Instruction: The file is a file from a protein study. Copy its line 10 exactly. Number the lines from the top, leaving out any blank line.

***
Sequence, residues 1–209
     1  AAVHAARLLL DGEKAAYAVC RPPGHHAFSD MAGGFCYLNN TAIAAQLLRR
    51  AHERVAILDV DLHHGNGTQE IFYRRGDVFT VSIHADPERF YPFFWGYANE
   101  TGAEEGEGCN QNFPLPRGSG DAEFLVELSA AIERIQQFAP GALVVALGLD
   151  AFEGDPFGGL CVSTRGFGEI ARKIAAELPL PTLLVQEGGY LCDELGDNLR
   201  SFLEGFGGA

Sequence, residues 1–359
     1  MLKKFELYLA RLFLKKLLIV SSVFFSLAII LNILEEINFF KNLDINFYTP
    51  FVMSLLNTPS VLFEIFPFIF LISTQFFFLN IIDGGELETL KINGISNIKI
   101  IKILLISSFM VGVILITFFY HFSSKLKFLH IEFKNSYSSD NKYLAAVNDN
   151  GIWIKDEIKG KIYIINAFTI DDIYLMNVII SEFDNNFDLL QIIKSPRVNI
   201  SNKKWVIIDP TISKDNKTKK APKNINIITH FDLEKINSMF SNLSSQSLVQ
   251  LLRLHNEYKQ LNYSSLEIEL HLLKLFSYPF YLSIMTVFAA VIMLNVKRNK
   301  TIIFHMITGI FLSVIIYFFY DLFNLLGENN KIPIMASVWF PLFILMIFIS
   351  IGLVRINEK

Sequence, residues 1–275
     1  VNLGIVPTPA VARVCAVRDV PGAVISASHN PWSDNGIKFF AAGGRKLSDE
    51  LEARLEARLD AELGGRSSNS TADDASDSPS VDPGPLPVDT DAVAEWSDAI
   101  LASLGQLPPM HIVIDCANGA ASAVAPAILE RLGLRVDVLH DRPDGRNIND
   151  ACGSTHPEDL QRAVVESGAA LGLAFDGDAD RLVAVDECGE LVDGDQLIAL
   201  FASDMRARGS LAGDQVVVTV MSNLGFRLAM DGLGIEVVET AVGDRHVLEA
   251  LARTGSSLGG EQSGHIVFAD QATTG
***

   101  IKILLISSFM VGVILITFFY HFSSKLKFLH IEFKNSYSSD NKYLAAVNDN